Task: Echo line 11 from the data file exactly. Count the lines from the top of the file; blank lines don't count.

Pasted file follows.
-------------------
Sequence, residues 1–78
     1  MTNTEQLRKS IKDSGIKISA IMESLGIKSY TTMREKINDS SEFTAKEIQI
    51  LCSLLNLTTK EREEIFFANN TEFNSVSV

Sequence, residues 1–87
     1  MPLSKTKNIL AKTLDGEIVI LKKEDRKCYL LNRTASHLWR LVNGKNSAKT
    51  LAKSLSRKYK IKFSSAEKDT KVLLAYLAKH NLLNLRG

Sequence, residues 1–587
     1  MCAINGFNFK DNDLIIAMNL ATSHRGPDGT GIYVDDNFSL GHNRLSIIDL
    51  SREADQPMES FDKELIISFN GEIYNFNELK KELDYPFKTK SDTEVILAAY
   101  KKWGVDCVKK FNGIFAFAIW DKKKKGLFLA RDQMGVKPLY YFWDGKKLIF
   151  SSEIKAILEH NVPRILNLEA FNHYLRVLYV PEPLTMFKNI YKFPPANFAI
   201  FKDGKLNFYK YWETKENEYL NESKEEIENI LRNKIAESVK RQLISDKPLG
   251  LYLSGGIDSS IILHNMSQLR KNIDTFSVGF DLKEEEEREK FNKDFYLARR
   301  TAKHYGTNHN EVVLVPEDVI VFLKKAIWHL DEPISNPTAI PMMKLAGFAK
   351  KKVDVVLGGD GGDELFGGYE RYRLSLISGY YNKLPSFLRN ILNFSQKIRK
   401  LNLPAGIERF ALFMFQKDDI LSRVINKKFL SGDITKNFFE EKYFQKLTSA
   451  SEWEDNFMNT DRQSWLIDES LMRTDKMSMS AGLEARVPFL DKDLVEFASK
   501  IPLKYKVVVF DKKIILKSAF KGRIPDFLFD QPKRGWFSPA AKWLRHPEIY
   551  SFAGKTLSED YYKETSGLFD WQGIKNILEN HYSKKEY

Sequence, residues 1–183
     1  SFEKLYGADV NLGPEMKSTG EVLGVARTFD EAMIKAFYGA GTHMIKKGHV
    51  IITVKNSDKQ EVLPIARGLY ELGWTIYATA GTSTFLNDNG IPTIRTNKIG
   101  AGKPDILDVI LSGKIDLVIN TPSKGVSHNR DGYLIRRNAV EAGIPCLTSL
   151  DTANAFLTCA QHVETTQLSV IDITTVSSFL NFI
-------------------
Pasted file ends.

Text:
   151  SSEIKAILEH NVPRILNLEA FNHYLRVLYV PEPLTMFKNI YKFPPANFAI